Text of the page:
Grammar of the Choctaw Language

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McCalla & Stavely, printers, 1870 - Choctaw Indians - 56 pages

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Page 4 - Society (vol. 11, pp. 317-367). In the introduction to this grammar Dr. Brinton gives the following account of the author's life: This eminent scholar and missionary, whose name is inseparably connected with the later history of the Choctaw nation, was born at Stockbridge, Berkshire County, Mass., March 11, 1793. He was one of nine children, and his parents were in humble circumstances, but industrious and respected. His faIher was at one time a tanner, and subsequently a small farmer.
Page 6 - In spite of these deficiencies, of which no doubt the author was more distinctly aware than any one else, his Grammar remains one of the most valuable, original, and instructive of any ever written of an American language. It is the result of nigh half a century of concentrated study, and we may well doubt if ever again a person will be found who will combine the time, the opportunities, and the ability to make an equal analysis of the language. Mr. Byington also prepared a Choctaw dictionary, containing...
Page 2 - GRAMMAR OF THE CHOCTAW LANGUAGE. By the Rev. CYRUS BYINGTON. Edited from the Original MSS. in the Library of the American Philosophical Society, by DG BRINTON...
Page 4 - CiiAirr.i-MusKOKEE family, which, in early days, controlled the whole country from the Mississippi to the Atlantic, and from the Gulf shore to the Apalachian.s. The Choctaws have always been quick to adopt the instruction of their civilized neighbors, and at present have about seventy schools with nearly two thousand pupils on their reservation.1 During the French occupation of Louisiana, in the early part of the last century, efforts were made by the Roman Catholic missionaries to convert them,...
Page 37 - ... keep tying. Speedy tahkchi, to tie instantly. Passive: Definite tvllakchi, to be tied. Distinctive tallakchi, to be the one being tied. Intensive talaiyakchi, to be tied fast, or at length. Frequentative talaiyahakchi, to be often tied. Speedy talahkchi, to be instantly tied. 10. INDICATIVE MODE. This is formed from the infinitive by prefixing and suffixing the personal pronouns, and suffixing the tense particles for past and future time. 1. Present tense, indefinite, with subjective personal...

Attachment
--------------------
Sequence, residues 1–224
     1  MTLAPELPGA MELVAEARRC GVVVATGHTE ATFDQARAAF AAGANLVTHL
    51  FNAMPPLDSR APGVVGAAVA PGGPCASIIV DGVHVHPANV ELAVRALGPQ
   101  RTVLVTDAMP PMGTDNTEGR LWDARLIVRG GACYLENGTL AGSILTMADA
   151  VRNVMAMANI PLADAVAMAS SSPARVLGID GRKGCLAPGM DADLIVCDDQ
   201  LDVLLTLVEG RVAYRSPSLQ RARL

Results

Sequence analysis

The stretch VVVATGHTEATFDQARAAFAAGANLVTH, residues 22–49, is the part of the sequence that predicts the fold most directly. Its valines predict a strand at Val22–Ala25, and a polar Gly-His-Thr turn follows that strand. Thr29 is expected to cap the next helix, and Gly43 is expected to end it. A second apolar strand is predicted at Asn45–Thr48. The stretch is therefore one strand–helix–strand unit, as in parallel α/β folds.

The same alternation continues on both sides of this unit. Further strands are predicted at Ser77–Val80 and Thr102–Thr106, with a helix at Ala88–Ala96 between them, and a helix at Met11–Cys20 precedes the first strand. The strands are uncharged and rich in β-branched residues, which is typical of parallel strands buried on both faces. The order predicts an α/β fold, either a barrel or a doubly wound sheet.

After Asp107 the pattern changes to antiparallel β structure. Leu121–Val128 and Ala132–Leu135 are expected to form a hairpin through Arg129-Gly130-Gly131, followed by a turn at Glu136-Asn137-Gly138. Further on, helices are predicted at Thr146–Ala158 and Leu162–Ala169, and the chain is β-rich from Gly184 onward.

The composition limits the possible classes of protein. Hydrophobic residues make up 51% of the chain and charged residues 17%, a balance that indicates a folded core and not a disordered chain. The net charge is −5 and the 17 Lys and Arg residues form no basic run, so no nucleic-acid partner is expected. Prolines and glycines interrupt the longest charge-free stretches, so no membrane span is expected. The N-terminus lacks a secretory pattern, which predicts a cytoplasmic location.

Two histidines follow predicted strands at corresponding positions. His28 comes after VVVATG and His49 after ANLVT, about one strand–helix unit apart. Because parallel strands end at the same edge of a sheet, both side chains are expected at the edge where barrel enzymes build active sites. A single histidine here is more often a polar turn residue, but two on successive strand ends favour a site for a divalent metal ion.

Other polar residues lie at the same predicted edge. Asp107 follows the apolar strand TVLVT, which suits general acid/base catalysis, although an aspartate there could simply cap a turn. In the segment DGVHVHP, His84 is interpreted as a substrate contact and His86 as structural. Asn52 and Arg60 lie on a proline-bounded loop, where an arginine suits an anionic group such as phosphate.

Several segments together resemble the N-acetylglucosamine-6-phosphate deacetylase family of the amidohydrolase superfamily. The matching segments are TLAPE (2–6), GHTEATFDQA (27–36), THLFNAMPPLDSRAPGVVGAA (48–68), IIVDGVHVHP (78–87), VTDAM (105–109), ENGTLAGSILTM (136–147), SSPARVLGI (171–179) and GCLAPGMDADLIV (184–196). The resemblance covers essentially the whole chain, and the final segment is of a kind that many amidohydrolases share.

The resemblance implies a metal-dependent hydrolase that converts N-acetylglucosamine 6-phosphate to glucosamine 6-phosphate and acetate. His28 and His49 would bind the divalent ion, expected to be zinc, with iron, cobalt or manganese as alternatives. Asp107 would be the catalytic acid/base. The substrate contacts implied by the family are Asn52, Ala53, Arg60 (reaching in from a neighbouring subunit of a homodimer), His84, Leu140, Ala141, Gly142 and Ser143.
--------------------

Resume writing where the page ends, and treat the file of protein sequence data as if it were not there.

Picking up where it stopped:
Page 13 - Only a low leading remarks and rules are presented. 2. The use of the article-pronouns is for definite and distinctive specification, limitation, emphasis, and prominence, and to show the connection and relation which one word, paragraph, or clause bears to another.
Page 5 - When a well-grown lad he was taken into the family of Mr. Joseph Woodbridge, of his native town, from whom he received some instruction in Latin and Greek, and with whom he afterward read law. In 1814 he was admitted to the bar, and practiced a few years with success in Stockbridge and Sheffield, Mass. His father though a moral was not a religious man, and it seems to have been only after he reached manhood that Mr. Byington became, as he expressed it, "a subject of divine grace.
Page 6 - The last effort I hope is my best, and will be of use to learners of Choctaw, and to Choctaw scholars in schools, but it -needs further revision, and then to be well transcribed. I commit these efforts in my old age to the Lord. I have enjoyed these labours very much. The pleasure of happily resolving difficulties in these studies, and of success in the work, is gratifying, and reviving to the mind.
Page 2 - Edited from the Original MSS. in the Library of the American Philosophical Society, by DG BRINTON, AM, MD, Member of the American Philosophical Society, the Pennsylvania Historical Society, Corresponding Member of the American Ethnological Society, etc. 8vo. sewed, pp. 56.
Page 37 - ... as, ishko, to drink, ishkochechi, to make to drink, to drench; 3, by suffixing chi and prefixing a, locative; as, atakchichi, to tie it to something; 4, by suffixing li; as, achukmali, to make good; Ivshpali, to make hot, to heat. Of these suffixes, chi denotes the causing of the action signified by the primitive verb; as, kvllochi, to harden, from kvllo, to be hard; kolichi, to cause to break, from koli, to break; chechi suffixed to a verb denotes the causing by its own subject of the performance...

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